QPR vs. Chelsea: 6 Things We Learned
QPR managed to frustrate Chelsea on Saturday afternoon with a spirited performance to earn a point against their West London rivals.
The derby was eagerly anticipated due to the theatre of the pre-match handshake, where Anton Ferdinand blanked both John Terry and Ashley Cole due to the fallout from the racism scandal that marred this fixture last season.
The result now means that the Blues have stuttered in the last two matches, which also included a humbling at the hands of Atletico Madrid. Nonetheless, Chelsea remain atop the league by a point.
The Hoops now look up with a plethora of options to choose from in the squad after splurging in the transfer window to almost guarantee relegation will not be a concern for the club moving forward.
Here are six things we learned from this fiery match.
John Terry Is One of the Most Mentally Strong Players Ever
John Terry was snubbed in the pre-match handshake by Anton Ferdinand, but the Chelsea skipper was able to focus on the task in hand, defending resolutely throughout Saturday's match.
Bobby Zamora was largely quiet, aside from when he intercepted a back-pass for the game's biggest chance, and this was mostly down to how Terry dealt with the former England international.
Terry was able to assert himself well, defending physically while also using the ball intelligently.
The constant abuse he suffered was also a sign of how the England international calls upon his outstanding character to triumph despite numerous distractions.
Some may have differing opinions on John Terry, the person, but it is unquestionable that he holds immense concentration, essential in order to consistently deliver quality performances for England and Chelsea.
Chelsea Might Need to Use Victor Moses More Than They Initially Thought
Chelsea struggled to break down a resilient QPR side who executed their tactics perfectly, nullifying the Blues' attack.
The Hoops packed the central areas, sitting deep and forcing Chelsea to shift the ball into wide areas, more often than not down the right side, where Branislav Ivanovic and Ramires saw plenty of the ball.
In the second half, Victor Moses entered the game as a substitute and was also a benefactor of the way QPR approached the match, enjoying a lively debut. The former Wigan star seemed a little nervous, though, shirking responsibility at times and passing back inside instead of trying to beat his opponent on the outside.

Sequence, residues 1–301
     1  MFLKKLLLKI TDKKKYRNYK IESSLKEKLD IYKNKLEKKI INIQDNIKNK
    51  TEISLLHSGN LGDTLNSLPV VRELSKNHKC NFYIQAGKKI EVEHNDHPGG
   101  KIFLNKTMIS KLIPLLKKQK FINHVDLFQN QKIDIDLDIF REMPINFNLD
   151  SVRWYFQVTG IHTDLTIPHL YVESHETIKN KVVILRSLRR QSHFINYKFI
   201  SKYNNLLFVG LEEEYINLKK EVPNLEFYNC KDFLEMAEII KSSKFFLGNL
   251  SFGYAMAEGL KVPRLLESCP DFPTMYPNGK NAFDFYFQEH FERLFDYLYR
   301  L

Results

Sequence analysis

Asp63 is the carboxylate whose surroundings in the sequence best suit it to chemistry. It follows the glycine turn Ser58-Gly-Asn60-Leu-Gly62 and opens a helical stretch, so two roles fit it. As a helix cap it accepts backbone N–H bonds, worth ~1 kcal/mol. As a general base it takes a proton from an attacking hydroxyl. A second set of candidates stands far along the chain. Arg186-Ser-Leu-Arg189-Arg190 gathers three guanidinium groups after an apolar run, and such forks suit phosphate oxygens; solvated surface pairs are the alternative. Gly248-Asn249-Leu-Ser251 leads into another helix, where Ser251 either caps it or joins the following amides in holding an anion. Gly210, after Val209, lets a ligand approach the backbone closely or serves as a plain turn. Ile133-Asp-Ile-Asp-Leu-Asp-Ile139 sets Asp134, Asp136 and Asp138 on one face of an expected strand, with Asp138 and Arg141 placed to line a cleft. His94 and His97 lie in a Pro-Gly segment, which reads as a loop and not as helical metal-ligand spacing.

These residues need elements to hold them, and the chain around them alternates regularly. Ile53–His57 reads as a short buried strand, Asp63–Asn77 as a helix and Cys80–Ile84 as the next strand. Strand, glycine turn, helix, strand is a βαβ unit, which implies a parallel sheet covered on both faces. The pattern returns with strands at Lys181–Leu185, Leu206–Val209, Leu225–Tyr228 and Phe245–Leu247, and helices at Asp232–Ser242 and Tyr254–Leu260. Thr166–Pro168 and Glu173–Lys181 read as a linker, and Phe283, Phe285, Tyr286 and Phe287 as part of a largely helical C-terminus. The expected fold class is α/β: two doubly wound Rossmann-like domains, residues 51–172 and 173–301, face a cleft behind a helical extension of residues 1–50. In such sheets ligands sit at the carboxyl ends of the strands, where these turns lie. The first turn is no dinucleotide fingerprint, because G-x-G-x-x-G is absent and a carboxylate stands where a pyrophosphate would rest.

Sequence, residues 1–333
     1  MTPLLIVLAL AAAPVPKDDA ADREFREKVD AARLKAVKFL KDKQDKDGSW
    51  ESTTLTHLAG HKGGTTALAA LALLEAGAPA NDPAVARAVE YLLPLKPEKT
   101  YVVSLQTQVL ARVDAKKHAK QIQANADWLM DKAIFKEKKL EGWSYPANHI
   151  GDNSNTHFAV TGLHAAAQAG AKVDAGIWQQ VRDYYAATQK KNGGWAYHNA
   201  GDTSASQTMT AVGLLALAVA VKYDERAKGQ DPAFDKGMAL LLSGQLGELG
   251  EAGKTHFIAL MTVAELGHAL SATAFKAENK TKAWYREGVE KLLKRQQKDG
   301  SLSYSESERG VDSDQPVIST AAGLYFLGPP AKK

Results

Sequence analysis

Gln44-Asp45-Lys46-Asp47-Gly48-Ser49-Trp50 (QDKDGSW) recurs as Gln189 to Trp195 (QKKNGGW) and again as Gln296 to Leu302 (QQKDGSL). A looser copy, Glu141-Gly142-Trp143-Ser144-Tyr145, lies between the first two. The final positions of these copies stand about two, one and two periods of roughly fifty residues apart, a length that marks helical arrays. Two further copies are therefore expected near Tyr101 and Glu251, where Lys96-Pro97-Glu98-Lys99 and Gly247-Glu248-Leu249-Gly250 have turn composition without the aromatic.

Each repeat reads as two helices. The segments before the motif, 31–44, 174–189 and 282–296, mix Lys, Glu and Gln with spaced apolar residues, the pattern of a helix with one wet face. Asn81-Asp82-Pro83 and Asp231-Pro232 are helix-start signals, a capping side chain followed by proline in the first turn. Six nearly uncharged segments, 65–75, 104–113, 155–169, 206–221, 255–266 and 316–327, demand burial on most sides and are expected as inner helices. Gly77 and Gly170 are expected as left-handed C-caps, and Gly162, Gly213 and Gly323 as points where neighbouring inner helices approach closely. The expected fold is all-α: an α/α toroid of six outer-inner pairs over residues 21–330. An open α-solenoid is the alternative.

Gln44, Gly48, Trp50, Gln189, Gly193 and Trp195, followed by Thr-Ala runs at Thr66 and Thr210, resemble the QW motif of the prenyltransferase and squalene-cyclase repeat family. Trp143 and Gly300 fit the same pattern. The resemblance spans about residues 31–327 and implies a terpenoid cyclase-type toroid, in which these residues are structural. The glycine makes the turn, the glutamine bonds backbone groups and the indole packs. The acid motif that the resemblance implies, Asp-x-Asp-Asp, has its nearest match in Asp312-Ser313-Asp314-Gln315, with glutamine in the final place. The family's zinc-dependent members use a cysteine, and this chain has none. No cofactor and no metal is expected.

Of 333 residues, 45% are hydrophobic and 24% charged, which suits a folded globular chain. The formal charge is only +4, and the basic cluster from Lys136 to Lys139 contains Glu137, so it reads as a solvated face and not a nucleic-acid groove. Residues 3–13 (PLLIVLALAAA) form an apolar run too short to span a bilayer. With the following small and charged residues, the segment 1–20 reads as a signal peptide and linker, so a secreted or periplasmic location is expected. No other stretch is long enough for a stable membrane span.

Roberto Di Matteo will demand more from Moses in the coming weeks, especially if the opposition deploys similar tactics to QPR. The Nigerian international will be asked to add more variety to his game, something that will hugely benefit the Blues.
QPR Possess One of the Best Centre-Midfield Partnerships in the Premier League
Mark Hughes will be absolutely delighted by the centre-midfield partnership that is currently developing with every minute that they play together.
Esteban Granero and Alejandro Faurlin compliment each other superbly, both of whom are adept at passing the ball, short and long, as well as being able to cover significant ground in order to reclaim the ball.
It is a great foundation for the Hoops to build upon, which will go some way to ensuring that relegation is not an issue for the West London club this season.
Hoops Now Possess a Goalkeeper They Can Rely on
QPR are now able to field a solid goalkeeper who will not let them down in the biggest moments in games.
Julio Cesar was a stunning signing from Inter Milan this summer, displacing another new recruit in Robert Green and immediately proving why he deserved that spot with an assured performance.
The former Seleção international was superb at dealing with set-pieces, something that might have been difficult to adjust to coming from Serie A, but the Hoops defended resolutely throughout, largely thanks to the confidence instilled by Cesar.
Suddenly, QPR are building a solid spine to the side as they attempt to build toward a mid-table finish.
Fernando Torres Needs to Show a Better Attitude
Fernando Torres must improve his attitude on the pitch moving forward if he wants to rediscover his best form.
Torres did not have a great game on Saturday, which can happen, but it is how one reacts to adversity that separates the good from the great.
Torres can partly attribute his lack of involvement due to a lack of service, but he must also take some of the responsibility.
Ultimately, Roberto Di Matteo was fully within his right to substitute the Spaniard for the lively Daniel Sturridge in the second half. El Niño clearly disagreed, though, marching straight down the tunnel, despite the Blues attempting to win the match with the game delicately poised at 0-0.
Next time, Fernando, better you stay and cheer on your fellow teammates.
Ramires Does Not Naturally Fit in to Di Matteo's 4-2-3-1 Formation
Ramires is an excellent player, one that possesses pace, power and seemingly endless bundles of energy to cover more ground than the majority of players on the pitch.
However, Roberto Di Matteo is intent on mastering the 4-2-3-1, which does not appear to suit the Brazilian, despite being versatile enough to fit in to several positions in this formation.
Ramires is often used on the right side of the "3," but he does not appear to possess the composure required in the final third, consistently taking the wrong options, or not observing them early enough.
It seems like Di Matteo feels that Ramires is not disciplined enough to play as one of the "2s" either, begging the question as to where the Seleção international fits in to the Blues' plans long term.